Yesterday our industry saw some of the biggest changes we’ve seen in one day, with EA announcing the $400 million acquisition of social gaming startup Playfish, and the 1,500+ person downsizing and studio closures at EA. I totally agree with Shacknews’ Garnett Lee when he wrote in a column yesterday, “As the dust settles this marks one of the most dramatic signs of the times for the videogame industry“. What I would like to do is share some of my thoughts on what this might mean for the game industry and some possible outcomes that I see from this huge change. Some of this may dip more into “What is the new game industry”, rather than just what will happen in the aftermath of the changes at EA.
More social game company investment and development
A $400 million exit is a pretty good indicator that the social game market is huge, and that doesn’t even take into account the hundreds of millions of dollars a year companies like Zynga are making (Zynga is a competitor to Playfish, with games like Farmville and Mafia Wars in their portfolio). These companies are crushing it, with what I’m guessing is huge profit margins. These games aren’t particularly complicated..and in most cases aren’t even original. They’ve got to be cheap to make and maintain, and the money that is made on microtransactions and offers is huge. This market was already expanding quite rapidly, but I’m betting this encourages more game developers (that are now unemployed?) to create new businesses, and it encourages more Venture Capitalists to invest a few million in a social gaming startup.
More “social” elements and micro-transaction models in EA portfolio games
This isn’t anything particularly new, considering EA has been dabbling with this stuff for awhile now. Most recently we saw them launch Battlefield Heroes, a free-to-play, micro-transaction funded game based on the popular Battlefield franchise. I’m not sure how well it has done since launch, but I’m interested in seeing how many more games we’ll be seeing from EA that are micro-transaction based.
This should also manifest itself in the form of more paid DLC for released games, which EA has said “extend the life and profitability of our disc-based games“. Last week Dragon Age: Origins released and had DLC immediately available, and EA reports that they have “seen strong early performance”.
More engaging social game experiences
In my opinion..most Facebook games are pretty lame. I don’t feel particularly invested or engaged with the games, with most of the motivation for playing coming from the competition with friends to be a higher level Mobster/Farmer/whatever. Ultimately everyone is the same, with your character and farm looking exactly the same as all the other players. I never feel invested in my characters or the games themselves, which I think is a lost opportunity.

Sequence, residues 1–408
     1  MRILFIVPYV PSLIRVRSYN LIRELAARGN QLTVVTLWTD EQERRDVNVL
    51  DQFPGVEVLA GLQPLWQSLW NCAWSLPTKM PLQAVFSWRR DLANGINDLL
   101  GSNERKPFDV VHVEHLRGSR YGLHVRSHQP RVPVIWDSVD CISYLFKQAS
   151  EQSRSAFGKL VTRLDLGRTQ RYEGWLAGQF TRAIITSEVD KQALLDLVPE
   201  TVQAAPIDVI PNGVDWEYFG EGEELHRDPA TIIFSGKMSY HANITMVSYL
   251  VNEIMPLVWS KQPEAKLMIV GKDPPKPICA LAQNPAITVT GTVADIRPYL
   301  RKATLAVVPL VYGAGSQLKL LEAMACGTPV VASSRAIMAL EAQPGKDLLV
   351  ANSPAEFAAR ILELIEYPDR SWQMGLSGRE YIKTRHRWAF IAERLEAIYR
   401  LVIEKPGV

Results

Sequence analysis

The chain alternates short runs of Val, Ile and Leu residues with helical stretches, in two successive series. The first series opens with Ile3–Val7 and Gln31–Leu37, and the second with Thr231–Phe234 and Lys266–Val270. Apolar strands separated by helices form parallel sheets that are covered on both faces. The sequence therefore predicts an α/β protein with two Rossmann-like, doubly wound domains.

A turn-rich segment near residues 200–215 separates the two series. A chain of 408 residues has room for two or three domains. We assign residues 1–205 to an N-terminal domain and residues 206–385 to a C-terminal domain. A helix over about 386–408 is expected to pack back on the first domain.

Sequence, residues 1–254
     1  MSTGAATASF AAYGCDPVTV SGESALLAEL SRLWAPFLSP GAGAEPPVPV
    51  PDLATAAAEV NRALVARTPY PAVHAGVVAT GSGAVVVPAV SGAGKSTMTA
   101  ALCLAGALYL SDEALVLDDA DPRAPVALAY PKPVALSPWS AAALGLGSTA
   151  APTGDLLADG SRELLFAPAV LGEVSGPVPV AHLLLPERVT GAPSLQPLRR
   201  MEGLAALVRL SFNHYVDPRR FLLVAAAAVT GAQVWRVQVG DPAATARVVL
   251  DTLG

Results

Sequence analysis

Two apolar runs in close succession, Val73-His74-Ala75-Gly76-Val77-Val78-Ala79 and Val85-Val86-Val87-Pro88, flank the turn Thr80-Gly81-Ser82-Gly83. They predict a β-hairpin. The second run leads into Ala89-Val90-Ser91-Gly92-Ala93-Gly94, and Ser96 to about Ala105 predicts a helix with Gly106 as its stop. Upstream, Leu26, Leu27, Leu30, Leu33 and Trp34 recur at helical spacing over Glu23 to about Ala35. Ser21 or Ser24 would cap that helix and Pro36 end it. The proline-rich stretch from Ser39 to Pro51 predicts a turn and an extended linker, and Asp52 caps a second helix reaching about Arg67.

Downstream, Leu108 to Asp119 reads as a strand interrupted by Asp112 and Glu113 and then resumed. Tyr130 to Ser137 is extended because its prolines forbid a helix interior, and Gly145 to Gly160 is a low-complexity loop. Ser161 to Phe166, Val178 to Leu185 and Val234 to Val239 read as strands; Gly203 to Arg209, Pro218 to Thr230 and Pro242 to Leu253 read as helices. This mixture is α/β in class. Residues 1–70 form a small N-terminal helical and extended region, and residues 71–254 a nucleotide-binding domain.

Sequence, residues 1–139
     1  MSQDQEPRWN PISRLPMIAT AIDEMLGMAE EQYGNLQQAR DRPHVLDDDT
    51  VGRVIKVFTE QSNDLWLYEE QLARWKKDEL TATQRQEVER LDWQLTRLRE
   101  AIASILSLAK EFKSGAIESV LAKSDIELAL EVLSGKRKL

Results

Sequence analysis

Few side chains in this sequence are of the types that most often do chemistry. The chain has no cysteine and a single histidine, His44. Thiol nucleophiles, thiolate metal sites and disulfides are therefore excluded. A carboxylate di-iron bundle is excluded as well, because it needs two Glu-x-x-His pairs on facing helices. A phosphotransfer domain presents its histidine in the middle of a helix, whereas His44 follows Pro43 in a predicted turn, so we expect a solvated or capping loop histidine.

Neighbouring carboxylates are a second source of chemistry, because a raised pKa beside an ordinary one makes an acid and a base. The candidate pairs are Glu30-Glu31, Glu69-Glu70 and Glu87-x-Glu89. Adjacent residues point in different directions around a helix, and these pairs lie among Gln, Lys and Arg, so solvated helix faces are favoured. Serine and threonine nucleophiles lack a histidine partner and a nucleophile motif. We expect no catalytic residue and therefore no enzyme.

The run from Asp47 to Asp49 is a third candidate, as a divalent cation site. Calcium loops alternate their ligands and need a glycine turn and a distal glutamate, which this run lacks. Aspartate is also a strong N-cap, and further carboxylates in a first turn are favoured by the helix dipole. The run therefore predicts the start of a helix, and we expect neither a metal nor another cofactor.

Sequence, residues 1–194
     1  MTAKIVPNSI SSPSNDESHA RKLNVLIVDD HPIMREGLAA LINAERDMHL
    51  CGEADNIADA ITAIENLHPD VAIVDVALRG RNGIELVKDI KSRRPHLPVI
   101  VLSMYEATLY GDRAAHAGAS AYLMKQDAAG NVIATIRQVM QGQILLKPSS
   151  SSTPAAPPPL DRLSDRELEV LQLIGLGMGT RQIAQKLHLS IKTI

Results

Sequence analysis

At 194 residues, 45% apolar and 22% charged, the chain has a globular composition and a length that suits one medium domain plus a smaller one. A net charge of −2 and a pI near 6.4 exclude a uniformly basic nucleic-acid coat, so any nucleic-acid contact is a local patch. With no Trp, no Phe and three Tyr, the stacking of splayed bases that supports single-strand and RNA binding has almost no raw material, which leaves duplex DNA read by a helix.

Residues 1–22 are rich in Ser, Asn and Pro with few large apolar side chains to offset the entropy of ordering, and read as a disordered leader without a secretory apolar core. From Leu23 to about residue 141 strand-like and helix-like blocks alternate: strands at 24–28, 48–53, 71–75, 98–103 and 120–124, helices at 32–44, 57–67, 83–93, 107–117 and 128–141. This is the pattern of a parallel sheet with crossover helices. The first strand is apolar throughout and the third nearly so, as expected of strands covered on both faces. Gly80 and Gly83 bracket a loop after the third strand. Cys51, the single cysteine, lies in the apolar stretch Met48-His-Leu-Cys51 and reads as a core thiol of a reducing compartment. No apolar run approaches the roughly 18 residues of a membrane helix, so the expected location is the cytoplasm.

I personally would like to see more engaging and interesting experiences – something more along the lines of Quake Wars or even Battlefield Heroes, but in the browser and as a Facebook game. I’ve never played a Facebook game that blew my socks off, and I’d like to see that changed.
Enthusiast Press will start covering the social game space
I think it has been interesting to note the lack of coverage of the social game market by the enthusiast press (Joystiq, 1up, Shacknews, Kotaku, Destructoid, etc). I understand why they do it, though, since they’re writing content for their community, and most of their community probably doesn’t find this stuff very interesting. If perhaps the game experiences become more interesting and advanced, the coverage of the space will start to increase. Or maybe if EA continues to dump millions and millions of dollars into the space the enthusiast press (and hardcore gaming community) will have to take notice.
It’s probably worth noting that EA owns Pogo.com, a company that makes free internet games and casual retail games, and the enthusiast press don’t really cover that side of EA’s business…so perhaps this one won’t come true 😉
Opportunities for game developers and publishers
I’m wondering what Activision thinks about all of this…Do they see a big opportunity to take market share in the vacuum that may form from all of the EA titles being canceled, or will Activision follow suit and join the social gaming market?
Since so many developers are now out of work, now is a great time for new businesses to be created. Hopefully we will see all these creative and talented folks start new game companies that will push the boundaries and do interesting things. The traditional big publisher model of funding isn’t the only way to go, with alternative funding models like Venture Capital investment being real opportunities for developers. Riot Games recently spoke to Gamasutra about how they have funded League of Legends without taking money from publishers and sacrificing IP ownership.
These new indie studios could partner up with hungry publishers like Warner Bros. Interative Entertainment, who seems to be pretty eager these days to try new things. They’ve been acquiring quite a few studios over the past year, and most recently published 5th Cell’s Nintendo DS game Scribblenauts. With 194,000 unit sold in the first month, I’d guess that 5th Cell is pretty damn happy with that arrangement.
What are your thoughts on the impact of the EA changes? Where do you think the game industry is going next year, and beyond? Am I full of shit?
Interested in your thoughts!